John McMaster Explains Crypto Ignition Phone Keys And How To Reproduce Them

When you’re a nation state, secure communications are key to protecting your sovereignty and keeping your best laid plans under wraps. For the USA, this requirement led to the development of a series of secure telephony networks over the years. John McMaster found himself interested in investigating the workings of the STU-III secure telephone, and set out to replicate the secure keys used with this system.

An encryption key in a very physical, real sense, the Crypto Igntion Key was used with the STU-III to secure phone calls across many US government operations. The key contains a 64KB EEPROM that holds the cryptographic data.

[John] had a particular affinity for the STU-III for its method of encrypting phone calls. A physical device known as a Crypto Ignition Key had to be inserted into the telephone, and turned with a satisfying clunk to enable encryption. This physical key contains digital encryption keys that, in combination with those in the telephone, are used to encrypt the call. The tactile interface gives very clear feedback to the user about securing the communication channel. Wishing to learn more, John began to research the system further and attempted to source some hardware to tinker with.

As John explains in his Hackaday Superconference talk embeded below, he was able to source a civilian-model STU-III handset but the keys proved difficult to find. As carriers of encryption keys, it’s likely that most were destroyed as per security protocol when reaching their expiry date. However, after laying his hands on a broken key, he was able to create a CAD model and produce a mechanically compatible prototype that would fit in the slot and turn correctly.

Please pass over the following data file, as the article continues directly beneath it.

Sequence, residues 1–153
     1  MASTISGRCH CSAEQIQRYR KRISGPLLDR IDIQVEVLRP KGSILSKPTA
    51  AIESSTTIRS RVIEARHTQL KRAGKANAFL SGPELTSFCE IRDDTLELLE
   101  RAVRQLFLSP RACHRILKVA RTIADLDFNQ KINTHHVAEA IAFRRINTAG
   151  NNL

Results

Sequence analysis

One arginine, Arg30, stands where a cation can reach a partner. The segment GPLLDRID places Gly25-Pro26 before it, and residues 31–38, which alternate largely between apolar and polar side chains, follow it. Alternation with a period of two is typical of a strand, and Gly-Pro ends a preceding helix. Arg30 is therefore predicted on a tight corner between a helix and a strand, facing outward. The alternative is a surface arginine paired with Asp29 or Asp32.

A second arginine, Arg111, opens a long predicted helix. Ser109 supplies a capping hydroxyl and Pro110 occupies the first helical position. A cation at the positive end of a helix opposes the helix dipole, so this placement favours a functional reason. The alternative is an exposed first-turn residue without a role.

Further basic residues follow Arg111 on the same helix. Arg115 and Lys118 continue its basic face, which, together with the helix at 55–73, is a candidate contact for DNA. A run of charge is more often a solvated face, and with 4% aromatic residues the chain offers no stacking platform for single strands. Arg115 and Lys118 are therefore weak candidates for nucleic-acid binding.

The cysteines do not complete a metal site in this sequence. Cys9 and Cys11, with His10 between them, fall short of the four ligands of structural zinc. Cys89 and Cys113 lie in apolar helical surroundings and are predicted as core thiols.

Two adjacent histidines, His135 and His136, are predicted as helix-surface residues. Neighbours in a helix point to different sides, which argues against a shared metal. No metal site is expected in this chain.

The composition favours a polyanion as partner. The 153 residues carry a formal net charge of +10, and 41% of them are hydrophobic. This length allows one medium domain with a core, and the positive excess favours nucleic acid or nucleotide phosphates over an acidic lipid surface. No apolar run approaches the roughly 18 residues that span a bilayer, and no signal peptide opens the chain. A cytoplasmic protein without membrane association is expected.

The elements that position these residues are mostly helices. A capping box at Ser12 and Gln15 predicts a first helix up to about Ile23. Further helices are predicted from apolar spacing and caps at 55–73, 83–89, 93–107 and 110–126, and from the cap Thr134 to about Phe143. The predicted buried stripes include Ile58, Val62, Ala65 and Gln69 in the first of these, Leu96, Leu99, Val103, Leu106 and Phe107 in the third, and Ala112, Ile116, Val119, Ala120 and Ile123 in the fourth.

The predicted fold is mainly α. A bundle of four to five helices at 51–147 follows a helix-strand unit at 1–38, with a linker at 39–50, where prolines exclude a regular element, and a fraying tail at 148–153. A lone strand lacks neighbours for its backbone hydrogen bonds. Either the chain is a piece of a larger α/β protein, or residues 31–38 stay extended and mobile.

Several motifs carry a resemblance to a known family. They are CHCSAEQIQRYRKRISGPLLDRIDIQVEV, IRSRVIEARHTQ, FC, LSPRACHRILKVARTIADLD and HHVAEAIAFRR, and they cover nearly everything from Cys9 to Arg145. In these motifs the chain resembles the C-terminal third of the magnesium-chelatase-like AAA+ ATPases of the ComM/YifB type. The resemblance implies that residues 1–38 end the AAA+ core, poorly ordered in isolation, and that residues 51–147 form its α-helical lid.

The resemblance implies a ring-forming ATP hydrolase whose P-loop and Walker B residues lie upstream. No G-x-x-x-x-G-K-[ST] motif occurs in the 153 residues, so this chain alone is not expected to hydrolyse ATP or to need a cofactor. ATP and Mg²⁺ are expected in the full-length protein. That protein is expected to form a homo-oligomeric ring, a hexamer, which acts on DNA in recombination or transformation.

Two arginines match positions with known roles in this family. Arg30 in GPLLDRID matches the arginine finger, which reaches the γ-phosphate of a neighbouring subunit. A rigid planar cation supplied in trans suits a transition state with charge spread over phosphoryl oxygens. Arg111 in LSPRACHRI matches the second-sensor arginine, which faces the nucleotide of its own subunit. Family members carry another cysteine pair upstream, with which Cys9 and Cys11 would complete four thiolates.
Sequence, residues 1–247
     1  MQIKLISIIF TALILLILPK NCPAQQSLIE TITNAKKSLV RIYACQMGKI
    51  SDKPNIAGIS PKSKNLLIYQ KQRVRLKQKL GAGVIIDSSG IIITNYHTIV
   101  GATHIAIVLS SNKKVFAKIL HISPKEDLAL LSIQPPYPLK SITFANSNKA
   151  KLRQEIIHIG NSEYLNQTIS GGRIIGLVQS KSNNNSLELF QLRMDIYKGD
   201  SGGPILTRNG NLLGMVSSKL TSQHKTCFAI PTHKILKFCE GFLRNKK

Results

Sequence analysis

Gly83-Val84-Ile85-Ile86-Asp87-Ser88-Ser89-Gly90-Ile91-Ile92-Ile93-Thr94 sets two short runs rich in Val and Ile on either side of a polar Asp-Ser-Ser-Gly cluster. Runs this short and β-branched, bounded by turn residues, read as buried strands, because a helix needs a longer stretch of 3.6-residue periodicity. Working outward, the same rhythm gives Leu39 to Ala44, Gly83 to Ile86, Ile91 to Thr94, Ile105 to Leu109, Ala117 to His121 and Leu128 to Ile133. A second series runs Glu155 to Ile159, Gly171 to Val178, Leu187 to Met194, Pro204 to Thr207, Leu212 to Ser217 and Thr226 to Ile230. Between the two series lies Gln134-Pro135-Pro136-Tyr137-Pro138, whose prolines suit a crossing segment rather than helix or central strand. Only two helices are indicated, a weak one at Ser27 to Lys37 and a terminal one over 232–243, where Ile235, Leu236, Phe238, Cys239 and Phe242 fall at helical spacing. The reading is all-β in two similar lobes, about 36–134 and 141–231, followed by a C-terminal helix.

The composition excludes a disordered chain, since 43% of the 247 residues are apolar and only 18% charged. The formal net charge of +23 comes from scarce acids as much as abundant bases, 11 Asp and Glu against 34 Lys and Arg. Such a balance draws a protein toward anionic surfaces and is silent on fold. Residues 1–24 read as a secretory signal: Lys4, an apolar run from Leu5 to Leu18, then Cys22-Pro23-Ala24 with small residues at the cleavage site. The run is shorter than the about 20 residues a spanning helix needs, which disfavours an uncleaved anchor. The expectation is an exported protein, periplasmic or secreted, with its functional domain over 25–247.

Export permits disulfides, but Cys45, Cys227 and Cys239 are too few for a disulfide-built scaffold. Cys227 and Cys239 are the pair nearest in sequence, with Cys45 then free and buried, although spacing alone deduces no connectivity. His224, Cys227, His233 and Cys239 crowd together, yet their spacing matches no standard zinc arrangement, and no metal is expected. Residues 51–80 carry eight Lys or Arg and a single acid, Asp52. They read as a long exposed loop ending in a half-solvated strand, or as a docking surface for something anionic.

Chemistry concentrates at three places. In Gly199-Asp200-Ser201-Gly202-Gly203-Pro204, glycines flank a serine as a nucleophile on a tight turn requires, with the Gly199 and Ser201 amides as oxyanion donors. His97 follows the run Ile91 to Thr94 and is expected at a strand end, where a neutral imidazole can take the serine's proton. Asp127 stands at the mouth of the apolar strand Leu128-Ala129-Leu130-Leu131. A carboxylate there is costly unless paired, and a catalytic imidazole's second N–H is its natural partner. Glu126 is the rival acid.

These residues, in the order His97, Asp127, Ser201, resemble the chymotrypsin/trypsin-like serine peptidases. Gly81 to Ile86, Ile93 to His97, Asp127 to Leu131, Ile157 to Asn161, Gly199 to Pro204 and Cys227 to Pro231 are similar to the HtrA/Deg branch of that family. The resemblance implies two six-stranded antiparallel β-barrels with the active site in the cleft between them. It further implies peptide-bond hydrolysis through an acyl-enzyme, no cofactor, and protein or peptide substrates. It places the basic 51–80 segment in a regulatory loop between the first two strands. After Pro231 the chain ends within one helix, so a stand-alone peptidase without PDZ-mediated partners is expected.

Due to the rarity of keys, destructive reverse engineering wasn’t practical, so other methods were used. Thanks to the use of the STU-III in military contexts, the keys have a National Stock Number that pointed towards parallel EEPROMs from AMD. Armed with the datasheet and X-rays of encryption keys from the Crypto Museum, it was possible to figure out a rough pinout for the key. With this information in hand, a circuit board was produced and combined with an EEPROM and a 3D print to produce a key that could replicate the functionality of the original.

With the key inserted into the handset and turned, calls could be secured at the touch of the button across standard analog phone lines.

Like most projects, it didn’t work first time. The printed key had issues with the quality of the teeth and flushing of the support material, which was solved by simply removing them entirely and relying on the circuit board to index to the relevant pins. Testing was performed using a PKS-703 key reader, which itself was an incredibly rare piece of hardware. In combination with a logic analyzer, it revealed that a couple of the write pins were lined up backwards. Once this was fixed, the key worked and could be programmed with a set of encryption keys. Once inserted into the STU-III and turned, the telephone sprung to life!

Despite this success, there’s still a long way to go before John can start making secured phone calls with the STU-III. Only having one phone, he’s limited to how much he can do — ideally, a pair is needed in order to experiment further. He is also trying to make it easier for others to tinker with this hardware which involves the development of a circuit board to allow keys to be read and reprogrammed with a standard EEPROM writer. He’s also begun reverse engineering of the STU-III’s internals. As a bit of fun, John went as far as to reproduce some promotional swag from the project that spawned the STU-III, showing off his Future Secure Voice System mug and T-shirt.